PASADENA

There are rare times when cranky and jaded TV critics go all soft and gooey inside. Wednesday afternoon, when Netflix rounded up the beloved cast "Arrested Development," was one of those times.

"I think I always held out hope that this would work out, and it was a very naive hope," said creator Mitch Hurwitz to a room full of rapt journalists at the TV critics press tour. "We shouldn't be here. I accept that premise."

Hurwitz was referring to the highly improabable return of an acclaimed show that left the air nearly seven years ago. "Arrested Development," which earned three straight best-comedy Emmy Awards and volumes of critical praise during its low-rated run on Fox, gets a second life with 14 brand-new episodes on the Netflix streaming service sometime in May.

The cast of ArrestedDevelopment, from left, David Cross, Will Arnett, Portia de Rossi and Jason Batemen, arrive for the In Style magazine and Warner Bros.
The cast of ArrestedDevelopment, from left, David Cross, Will Arnett, Portia de Rossi and Jason Batemen, arrive for the In Style magazine and Warner Bros. party after the 61st Annual Golden Globe Awards on Sunday, Jan. 25, 2004, in Beverly Hills, Calif. (AP Photo/Mark J. Terrill, file)
Hurwitz was accompanied by stars Jason Bateman, Will Arnett, Michael Cera, Portia de Rossi, Jeffrey Tambor, Jessica Walter and Alia Shawkat. The only no-shows were Tony Hale and David Cross, who will also be in the show.

But don't call these new episodes, which will be available simultaneously, Season 4.

"This is the first act of what we would like to lead into a movie," Bateman explained. "These are episodes that set that up. One does not work without the other."

Hurwitz spoke of the logistical challenges of producing a show with a large collection of actors that were busy with other projects. Dependent on the availability of the actors, he was forced to shoot episodes and scenes "way out of order" and devise a new storytelling structure.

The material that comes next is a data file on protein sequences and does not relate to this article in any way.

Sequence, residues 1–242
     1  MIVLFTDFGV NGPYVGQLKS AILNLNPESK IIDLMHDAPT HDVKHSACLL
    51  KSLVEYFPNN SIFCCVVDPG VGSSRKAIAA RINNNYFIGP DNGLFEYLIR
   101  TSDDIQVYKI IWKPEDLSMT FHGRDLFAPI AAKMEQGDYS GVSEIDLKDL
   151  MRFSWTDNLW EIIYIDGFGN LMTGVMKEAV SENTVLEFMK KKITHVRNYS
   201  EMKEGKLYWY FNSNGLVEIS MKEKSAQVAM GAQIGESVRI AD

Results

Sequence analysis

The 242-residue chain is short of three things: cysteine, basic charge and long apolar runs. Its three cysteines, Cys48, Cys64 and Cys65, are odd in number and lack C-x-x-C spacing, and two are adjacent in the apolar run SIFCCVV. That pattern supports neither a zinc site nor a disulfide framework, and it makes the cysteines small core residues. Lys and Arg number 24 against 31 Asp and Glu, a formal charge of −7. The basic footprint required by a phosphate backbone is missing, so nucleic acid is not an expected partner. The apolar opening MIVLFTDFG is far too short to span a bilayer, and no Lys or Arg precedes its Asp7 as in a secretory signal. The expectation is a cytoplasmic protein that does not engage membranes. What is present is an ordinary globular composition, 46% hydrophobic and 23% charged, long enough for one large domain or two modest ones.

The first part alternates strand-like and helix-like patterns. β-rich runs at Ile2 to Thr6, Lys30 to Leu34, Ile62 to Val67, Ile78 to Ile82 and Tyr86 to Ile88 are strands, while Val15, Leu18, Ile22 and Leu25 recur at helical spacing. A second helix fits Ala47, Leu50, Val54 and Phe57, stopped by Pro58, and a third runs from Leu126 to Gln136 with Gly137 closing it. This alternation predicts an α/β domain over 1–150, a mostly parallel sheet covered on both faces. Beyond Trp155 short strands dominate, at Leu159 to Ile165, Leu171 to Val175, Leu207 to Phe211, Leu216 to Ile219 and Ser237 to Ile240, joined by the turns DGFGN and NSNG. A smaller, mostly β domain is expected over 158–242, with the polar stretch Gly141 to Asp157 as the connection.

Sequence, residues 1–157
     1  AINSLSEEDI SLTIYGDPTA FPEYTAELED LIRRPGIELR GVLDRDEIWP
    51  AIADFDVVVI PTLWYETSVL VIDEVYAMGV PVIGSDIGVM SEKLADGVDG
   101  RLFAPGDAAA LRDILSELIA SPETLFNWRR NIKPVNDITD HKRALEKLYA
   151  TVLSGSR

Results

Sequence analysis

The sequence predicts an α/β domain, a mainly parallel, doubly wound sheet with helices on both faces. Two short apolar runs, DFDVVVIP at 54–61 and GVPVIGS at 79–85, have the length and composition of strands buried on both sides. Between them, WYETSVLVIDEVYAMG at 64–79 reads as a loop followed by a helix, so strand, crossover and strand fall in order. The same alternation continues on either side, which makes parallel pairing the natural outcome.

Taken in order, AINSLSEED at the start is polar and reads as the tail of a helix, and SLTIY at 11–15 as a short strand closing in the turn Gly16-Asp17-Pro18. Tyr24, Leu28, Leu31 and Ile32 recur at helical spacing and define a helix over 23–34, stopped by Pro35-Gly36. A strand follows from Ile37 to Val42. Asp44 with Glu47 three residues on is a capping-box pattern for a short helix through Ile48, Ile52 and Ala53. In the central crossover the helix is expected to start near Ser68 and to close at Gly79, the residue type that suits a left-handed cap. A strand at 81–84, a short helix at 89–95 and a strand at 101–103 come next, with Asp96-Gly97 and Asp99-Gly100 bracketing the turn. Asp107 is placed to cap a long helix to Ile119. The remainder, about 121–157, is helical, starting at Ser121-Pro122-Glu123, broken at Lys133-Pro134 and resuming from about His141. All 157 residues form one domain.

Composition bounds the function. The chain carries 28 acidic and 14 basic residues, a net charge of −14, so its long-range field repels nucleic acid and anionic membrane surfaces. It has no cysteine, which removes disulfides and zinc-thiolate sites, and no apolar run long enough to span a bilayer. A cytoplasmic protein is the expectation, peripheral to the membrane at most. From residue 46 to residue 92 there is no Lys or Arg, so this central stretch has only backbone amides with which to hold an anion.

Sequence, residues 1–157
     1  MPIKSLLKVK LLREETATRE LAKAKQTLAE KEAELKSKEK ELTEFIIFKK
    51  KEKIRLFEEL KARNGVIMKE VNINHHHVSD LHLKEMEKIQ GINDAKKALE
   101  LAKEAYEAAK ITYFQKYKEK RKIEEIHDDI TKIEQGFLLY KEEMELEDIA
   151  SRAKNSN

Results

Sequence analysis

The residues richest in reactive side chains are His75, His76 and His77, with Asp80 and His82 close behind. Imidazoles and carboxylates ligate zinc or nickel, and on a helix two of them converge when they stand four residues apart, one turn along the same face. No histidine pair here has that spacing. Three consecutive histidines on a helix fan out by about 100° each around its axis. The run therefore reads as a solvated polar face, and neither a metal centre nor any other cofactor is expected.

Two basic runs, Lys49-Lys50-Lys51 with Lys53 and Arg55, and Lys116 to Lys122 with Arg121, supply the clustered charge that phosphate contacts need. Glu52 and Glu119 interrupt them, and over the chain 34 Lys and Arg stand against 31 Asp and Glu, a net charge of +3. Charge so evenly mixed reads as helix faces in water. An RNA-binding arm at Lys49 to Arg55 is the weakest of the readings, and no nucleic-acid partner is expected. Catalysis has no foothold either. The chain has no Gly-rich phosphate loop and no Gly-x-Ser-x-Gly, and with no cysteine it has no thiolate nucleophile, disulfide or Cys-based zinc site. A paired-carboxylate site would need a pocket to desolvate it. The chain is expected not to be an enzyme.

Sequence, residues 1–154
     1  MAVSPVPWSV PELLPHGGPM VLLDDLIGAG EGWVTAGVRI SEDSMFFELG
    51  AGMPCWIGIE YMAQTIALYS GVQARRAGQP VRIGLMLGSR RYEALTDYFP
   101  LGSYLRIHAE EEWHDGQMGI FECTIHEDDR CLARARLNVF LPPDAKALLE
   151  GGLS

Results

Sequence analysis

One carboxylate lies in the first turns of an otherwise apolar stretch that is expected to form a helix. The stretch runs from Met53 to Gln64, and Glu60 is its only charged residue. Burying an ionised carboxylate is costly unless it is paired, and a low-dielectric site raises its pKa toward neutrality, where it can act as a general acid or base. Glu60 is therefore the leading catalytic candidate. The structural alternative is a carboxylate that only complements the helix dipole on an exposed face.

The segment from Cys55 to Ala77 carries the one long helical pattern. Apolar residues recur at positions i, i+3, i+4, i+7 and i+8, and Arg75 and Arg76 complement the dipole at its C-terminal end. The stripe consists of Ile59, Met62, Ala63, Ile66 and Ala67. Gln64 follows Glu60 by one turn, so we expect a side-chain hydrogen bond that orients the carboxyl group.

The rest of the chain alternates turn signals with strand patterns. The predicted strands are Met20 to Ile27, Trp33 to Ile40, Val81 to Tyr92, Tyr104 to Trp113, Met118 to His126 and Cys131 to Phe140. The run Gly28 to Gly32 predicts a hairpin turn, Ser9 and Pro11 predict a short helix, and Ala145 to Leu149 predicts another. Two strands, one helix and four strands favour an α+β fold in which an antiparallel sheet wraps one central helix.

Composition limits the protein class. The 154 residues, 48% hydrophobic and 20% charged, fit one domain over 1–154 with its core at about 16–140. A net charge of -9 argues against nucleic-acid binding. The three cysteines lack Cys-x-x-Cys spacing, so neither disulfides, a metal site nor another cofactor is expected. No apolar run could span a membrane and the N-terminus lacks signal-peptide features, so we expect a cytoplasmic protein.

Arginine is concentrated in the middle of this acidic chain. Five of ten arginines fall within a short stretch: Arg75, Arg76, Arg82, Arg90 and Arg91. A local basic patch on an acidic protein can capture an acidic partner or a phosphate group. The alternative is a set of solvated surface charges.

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"Our family had drifted apart," Hurwitz said. "The only way we could get everybody for what we will loosely call an anthology was to dedicate each episode to a character's a point of view. That became really fun, because we'd find that some of the stories intersect. It's kind of an evolution of the storytelling that was necessary."

That means fans will seldom see the entire dysfuntional Bluth family together at once, although Tambor recalled a day when all nine actors convened for some scenes.

"This isn't a sentimental group, but that was pretty special," he said.

Naturally, plot details were not shared, the better to surprise the audience, Hurwitz said, though at one point, Walter teased that "I finally get to play Joan Crawford with laughs."

Is Hurwitz at all worried about tarnishing the show's legacy with this fresh material?

"I could literally vomit at this moment," he said, apparently indicating that, indeed, he is.

Before leaving the stage, Hurwitz introduced a clip featuring Walter and Hale that would likely wind up on the cutting-room floor. But he indicated that if the critics liked it, he just might change his mind.

Judging from the thunderous laughter that ensued, he better count on using it.